- The Jamaican High Commission will host its second literary afternoon at the Waterlow Park in Camden, London, on Saturday, May 30.
- The four featured writers are all UK-based and of Jamaican heritage.
- This will be Deanne Heron’s second appearance at the event, reading entertaining excerpts from ‘Pardner Money Stories’.
The Jamaican High Commission will host its second literary afternoon at the Waterlow Park in Camden, London, on Saturday, May 30.
The four featured writers are all UK-based and of Jamaican heritage. This will be Deanne Heron’s second appearance at the event, reading entertaining excerpts from ‘Pardner Money Stories’.
Born in Jamaica, Ms. Heron came to live in England in 1967, and trained as a counsellor and foster carer. Her fictional stories are written in Standard English with Jamaican patois dialogue and take a whimsical look at the interactions of four generations of the extended Jamaican family in Britain.
One of the newcomers will be Jamaican-born Necola Hall, who served in the British army for more than nine years, and is a veteran of the Second Gulf War. The recollections of her experiences in the military and of her tour of duty in war-torn Iraq make for an inspiring read. ‘I Was a Soldier’ is the story of one woman’s life-changing journey from poverty in Jamaica to triumph over illness, and to the service of Queen and country.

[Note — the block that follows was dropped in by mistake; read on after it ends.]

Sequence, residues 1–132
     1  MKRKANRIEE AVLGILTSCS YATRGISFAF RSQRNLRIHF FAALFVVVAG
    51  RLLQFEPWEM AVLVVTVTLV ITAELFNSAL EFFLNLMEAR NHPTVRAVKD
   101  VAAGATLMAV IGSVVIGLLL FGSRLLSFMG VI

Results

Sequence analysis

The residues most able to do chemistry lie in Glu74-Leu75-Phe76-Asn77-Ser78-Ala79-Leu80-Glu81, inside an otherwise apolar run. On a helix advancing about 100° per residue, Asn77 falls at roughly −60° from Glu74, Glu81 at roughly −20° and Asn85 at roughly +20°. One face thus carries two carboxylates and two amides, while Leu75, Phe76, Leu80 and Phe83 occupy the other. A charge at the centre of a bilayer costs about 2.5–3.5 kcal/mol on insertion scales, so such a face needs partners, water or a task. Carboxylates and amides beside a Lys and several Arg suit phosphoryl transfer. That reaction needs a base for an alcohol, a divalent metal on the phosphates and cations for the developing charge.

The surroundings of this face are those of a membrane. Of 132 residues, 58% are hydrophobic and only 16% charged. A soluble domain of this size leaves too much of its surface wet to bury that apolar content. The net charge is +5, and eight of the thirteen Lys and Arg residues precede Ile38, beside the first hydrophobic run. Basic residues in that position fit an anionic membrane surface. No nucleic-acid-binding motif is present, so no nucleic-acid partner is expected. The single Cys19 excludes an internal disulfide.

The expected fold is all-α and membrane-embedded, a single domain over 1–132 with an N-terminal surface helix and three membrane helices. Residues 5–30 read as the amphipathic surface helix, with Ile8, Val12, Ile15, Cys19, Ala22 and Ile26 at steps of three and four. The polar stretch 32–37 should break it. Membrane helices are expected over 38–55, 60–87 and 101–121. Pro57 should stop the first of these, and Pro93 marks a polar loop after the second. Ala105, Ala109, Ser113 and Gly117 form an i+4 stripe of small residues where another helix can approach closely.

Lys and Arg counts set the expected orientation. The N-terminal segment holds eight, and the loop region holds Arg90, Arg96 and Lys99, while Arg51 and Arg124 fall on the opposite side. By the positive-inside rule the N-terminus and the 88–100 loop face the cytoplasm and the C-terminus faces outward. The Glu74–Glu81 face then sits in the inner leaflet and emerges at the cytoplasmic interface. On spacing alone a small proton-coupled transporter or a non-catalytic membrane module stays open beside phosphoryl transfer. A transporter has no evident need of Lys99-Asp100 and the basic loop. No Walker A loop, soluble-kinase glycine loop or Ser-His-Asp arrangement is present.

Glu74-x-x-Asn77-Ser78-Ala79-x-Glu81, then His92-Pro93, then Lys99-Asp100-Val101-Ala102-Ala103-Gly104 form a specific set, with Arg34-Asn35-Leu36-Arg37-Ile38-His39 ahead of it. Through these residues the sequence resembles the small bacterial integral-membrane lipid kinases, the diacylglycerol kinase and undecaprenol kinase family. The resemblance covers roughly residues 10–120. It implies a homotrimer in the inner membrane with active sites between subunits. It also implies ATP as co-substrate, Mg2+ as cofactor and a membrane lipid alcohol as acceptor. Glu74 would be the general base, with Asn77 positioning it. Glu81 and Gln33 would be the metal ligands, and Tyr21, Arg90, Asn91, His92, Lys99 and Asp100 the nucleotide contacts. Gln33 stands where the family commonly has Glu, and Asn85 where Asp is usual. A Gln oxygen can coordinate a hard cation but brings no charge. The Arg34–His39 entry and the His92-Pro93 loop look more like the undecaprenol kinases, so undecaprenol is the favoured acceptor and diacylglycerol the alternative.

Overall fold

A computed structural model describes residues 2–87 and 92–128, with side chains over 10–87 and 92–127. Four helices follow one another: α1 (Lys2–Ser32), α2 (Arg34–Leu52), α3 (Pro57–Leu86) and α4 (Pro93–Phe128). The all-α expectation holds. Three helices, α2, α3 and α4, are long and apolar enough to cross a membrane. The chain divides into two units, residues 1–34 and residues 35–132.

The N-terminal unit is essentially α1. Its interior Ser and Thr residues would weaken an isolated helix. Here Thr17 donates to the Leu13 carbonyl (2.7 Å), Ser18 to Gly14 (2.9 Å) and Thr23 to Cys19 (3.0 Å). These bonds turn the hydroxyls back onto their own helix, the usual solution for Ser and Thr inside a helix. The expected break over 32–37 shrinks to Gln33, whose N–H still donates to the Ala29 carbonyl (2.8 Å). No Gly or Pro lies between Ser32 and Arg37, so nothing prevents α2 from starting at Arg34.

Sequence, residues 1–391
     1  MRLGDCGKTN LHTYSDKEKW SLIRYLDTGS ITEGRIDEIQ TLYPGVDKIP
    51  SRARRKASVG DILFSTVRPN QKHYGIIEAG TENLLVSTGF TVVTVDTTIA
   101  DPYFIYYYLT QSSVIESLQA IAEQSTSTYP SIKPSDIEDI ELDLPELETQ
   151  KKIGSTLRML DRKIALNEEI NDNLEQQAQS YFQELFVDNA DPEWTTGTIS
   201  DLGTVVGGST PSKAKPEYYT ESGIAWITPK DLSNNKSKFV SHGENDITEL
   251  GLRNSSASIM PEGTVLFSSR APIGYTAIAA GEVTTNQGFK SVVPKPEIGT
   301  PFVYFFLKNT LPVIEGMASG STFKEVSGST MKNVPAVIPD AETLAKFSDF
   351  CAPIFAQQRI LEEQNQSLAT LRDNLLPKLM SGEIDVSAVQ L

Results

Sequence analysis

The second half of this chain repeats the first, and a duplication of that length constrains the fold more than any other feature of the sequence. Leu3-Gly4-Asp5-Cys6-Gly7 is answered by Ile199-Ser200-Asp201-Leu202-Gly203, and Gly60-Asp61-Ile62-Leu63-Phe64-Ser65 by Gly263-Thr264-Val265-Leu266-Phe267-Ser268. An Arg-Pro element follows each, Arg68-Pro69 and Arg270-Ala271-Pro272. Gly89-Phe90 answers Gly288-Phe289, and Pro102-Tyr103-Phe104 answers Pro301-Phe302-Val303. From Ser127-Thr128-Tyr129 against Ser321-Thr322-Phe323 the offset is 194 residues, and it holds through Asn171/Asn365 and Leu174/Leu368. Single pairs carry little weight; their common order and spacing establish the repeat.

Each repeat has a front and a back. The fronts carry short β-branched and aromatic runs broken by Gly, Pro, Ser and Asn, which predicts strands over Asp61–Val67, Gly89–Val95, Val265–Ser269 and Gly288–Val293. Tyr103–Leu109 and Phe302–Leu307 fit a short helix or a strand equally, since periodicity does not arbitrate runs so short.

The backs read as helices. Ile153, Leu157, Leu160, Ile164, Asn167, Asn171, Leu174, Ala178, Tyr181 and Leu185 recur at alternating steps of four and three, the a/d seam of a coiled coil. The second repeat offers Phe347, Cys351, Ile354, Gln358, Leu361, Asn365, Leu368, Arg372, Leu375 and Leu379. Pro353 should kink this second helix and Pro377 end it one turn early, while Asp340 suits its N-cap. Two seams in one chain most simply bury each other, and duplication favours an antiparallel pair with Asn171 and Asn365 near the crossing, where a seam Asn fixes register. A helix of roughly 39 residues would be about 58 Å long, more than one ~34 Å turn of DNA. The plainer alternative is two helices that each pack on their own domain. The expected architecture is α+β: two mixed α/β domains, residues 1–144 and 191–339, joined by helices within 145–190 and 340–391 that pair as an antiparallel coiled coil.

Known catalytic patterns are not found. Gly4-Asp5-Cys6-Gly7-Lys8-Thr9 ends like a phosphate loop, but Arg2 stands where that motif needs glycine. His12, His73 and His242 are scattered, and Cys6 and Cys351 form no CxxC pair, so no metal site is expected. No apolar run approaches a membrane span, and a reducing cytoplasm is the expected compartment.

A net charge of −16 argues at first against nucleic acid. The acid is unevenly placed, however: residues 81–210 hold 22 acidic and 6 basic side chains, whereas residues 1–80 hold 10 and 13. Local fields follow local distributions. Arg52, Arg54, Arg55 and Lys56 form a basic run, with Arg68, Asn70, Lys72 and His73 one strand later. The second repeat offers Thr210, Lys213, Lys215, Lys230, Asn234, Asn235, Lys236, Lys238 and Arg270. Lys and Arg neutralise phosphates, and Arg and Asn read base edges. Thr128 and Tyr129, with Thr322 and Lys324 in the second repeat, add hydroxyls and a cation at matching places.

Another writer, Norma Gregory, was born in Nottingham in 1969, the daughter of hardworking Jamaicans who moved to Nottingham in the early 1960s. She has written ‘Jamaicans in Nottingham’, a unique collection of personal and reflective interviews and articles that present narratives of life in Nottingham, from individuals of Jamaican heritage who have contributed to the spirit and life of the city and its surrounding areas, from the 1940s to the present.
The other writer in Dave Neita, who is the author of ‘The Ultimate Love Collection of Love Poems PURE’, the sizzling spoken word album. He has also written the book ‘Manuscript of a Scripture Man’. Mr. Neita also runs a project that employs poetry as a vehicle for expression for users and carers within mental health services.
The event will also feature an ‘Open Mike’ section for budding writers, poets and singers to showcase their talent.
High Commissioner, Her Excellency Aloun Ndombet-Assamba, said the event is organised to showcase the rich diversity of the Jamaican culture.
“Everyone knows that Jamaicans can sing, everyone knows that we are good runners and athletes, but this event is to show and remind people that Jamaica also has a rich tradition in literature and the spoken word,” she said.
The literary event is described as a mini-Calabash, in reference to the international literary festival that is held biennially in St Elizabeth.
The event is sponsored by NBC Distribution Ltd, Hansib Publications, Sackville Travel, and the Jamaica Tourist Board.